After an unsuccessful attempt to climb Kanchenjunga and a visit to India and China, Crowley returned to Britain, where he attracted attention as a prolific author of poetry, novels, and occult literature. In 1907, he and George Cecil Jones co-founded an esoteric order, the A∴A∴, through which they propagated Thelema. After spending time in Algeria, in 1912 he was initiated into another esoteric order, the German-based Ordo Templi Orientis (O.T.O.), rising to become the leader of its British branch, which he reformulated in accordance with his Thelemite beliefs. Through the O.T.O., Thelemite groups were established in Britain, Australia, and North America. Crowley spent the First World War in the United States, where he took up painting and campaigned for the German war effort against Britain, later revealing that he had infiltrated the pro-German movement to assist the British intelligence services. In 1920 he established the Abbey of Thelema, a religious commune in Cefalù, Sicily where he lived with various followers. His libertine lifestyle led to denunciations in the British press, and the Italian government evicted him in 1923. He divided the following two decades between France, Germany, and England, and continued to promote Thelema until his death.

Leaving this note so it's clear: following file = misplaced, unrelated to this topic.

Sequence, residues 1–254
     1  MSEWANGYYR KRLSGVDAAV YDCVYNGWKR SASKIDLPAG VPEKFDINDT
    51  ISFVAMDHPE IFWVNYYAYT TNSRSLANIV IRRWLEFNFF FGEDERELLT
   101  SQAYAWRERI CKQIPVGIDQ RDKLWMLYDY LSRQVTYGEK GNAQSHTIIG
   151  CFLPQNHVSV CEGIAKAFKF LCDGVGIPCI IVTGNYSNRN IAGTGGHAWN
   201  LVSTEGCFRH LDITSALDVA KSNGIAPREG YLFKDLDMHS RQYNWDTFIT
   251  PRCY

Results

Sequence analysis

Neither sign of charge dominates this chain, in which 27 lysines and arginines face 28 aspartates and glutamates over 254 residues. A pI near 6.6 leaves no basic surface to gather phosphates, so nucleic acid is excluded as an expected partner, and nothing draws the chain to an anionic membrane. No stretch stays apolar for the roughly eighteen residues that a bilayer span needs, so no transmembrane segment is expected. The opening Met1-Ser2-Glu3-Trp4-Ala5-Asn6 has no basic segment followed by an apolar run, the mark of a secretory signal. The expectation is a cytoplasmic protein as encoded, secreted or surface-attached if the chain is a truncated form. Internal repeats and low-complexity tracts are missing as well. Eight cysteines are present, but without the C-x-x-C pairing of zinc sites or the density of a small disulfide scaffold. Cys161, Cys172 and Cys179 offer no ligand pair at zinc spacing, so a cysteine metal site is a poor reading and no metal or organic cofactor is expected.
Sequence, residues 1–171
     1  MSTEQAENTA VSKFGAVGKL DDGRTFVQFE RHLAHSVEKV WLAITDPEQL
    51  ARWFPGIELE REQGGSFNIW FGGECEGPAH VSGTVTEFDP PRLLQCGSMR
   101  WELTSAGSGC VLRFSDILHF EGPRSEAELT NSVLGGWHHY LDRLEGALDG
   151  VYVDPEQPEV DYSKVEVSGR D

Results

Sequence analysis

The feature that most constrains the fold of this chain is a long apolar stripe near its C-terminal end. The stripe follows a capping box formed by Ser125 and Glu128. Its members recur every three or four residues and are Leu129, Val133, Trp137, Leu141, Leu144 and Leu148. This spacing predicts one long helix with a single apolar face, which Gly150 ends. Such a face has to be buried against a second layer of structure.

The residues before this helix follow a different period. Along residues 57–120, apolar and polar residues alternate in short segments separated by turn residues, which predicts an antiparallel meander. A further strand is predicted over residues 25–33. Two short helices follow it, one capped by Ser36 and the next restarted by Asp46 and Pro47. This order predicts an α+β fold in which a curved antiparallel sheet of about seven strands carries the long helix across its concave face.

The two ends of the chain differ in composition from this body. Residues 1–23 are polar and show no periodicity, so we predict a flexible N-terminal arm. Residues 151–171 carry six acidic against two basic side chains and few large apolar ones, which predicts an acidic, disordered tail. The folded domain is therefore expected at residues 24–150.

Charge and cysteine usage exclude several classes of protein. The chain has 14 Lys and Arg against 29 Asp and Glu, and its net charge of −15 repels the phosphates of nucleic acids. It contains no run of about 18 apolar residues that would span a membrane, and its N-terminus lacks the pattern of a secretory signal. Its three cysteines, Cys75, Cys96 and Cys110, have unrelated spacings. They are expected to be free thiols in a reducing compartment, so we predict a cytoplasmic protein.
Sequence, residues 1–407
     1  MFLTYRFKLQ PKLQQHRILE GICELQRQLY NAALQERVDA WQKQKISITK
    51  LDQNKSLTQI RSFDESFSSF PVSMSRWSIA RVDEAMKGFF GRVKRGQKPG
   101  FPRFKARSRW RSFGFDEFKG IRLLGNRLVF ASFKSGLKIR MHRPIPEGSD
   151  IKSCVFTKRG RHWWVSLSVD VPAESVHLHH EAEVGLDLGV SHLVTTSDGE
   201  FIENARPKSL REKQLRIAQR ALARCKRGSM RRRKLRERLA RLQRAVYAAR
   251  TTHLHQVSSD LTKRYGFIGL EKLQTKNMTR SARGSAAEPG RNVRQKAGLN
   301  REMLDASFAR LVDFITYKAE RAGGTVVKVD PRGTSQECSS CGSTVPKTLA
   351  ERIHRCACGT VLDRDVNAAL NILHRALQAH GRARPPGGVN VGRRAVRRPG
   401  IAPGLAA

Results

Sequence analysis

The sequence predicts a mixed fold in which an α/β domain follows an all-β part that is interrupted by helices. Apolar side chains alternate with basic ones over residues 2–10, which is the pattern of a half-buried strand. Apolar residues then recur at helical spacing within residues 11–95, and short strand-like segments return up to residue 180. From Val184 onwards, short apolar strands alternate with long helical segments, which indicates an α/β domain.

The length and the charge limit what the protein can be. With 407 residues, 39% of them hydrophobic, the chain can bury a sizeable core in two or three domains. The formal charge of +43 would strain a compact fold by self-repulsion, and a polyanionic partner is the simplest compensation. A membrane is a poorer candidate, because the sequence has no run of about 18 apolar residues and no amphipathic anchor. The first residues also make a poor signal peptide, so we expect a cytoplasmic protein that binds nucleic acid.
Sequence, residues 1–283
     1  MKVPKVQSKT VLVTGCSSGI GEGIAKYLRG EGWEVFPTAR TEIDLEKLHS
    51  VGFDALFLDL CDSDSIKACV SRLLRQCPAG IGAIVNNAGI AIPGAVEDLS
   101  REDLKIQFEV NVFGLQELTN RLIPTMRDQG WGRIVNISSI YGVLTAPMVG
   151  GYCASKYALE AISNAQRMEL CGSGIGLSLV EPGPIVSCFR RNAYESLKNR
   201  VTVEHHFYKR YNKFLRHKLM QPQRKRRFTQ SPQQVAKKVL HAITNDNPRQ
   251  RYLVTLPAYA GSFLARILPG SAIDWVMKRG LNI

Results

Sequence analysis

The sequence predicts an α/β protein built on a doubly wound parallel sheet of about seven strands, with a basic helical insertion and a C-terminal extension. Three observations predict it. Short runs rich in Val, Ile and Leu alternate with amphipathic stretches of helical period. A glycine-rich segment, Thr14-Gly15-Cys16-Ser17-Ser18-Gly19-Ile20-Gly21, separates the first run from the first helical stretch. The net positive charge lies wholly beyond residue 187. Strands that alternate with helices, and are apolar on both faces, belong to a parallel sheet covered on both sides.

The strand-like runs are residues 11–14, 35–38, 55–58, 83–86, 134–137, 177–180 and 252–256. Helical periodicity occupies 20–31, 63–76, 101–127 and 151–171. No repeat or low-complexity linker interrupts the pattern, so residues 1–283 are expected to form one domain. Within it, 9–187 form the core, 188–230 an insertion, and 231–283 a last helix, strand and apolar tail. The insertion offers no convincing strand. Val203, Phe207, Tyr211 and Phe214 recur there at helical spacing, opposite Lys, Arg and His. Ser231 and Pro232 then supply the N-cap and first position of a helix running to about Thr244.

Crowley gained widespread notoriety during his lifetime, being a recreational drug experimenter, bisexual, and an individualist social critic. Crowley has remained a highly influential figure over Western esotericism and the counterculture, and continues to be considered a prophet in Thelema. He is the subject of various biographies and academic studies.
Olympe de Gouges (French: [olɛ̃p də ɡuʒ] (listen); born Marie Gouze; 7 May 1748 – 3 November 1793) was a French playwright and political activist whose writings on women’s rights and abolitionism reached a large audience in various countries.
She began her career as a playwright in the early 1780s. As political tension rose in France, Olympe de Gouges became increasingly politically engaged. She became an outspoken advocate against the slave trade in the French colonies in 1788. At the same time, she began writing political pamphlets. Today she is perhaps best known as an early women’s rights advocate who demanded that French women be given the same rights as French men. In her Declaration of the Rights of Woman and of the Female Citizen (1791), she challenged the practice of male authority and the notion of male-female inequality. She was executed by guillotine during the Reign of Terror (1793–1794) for attacking the regime of the Revolutionary government and for her association with the Girondists.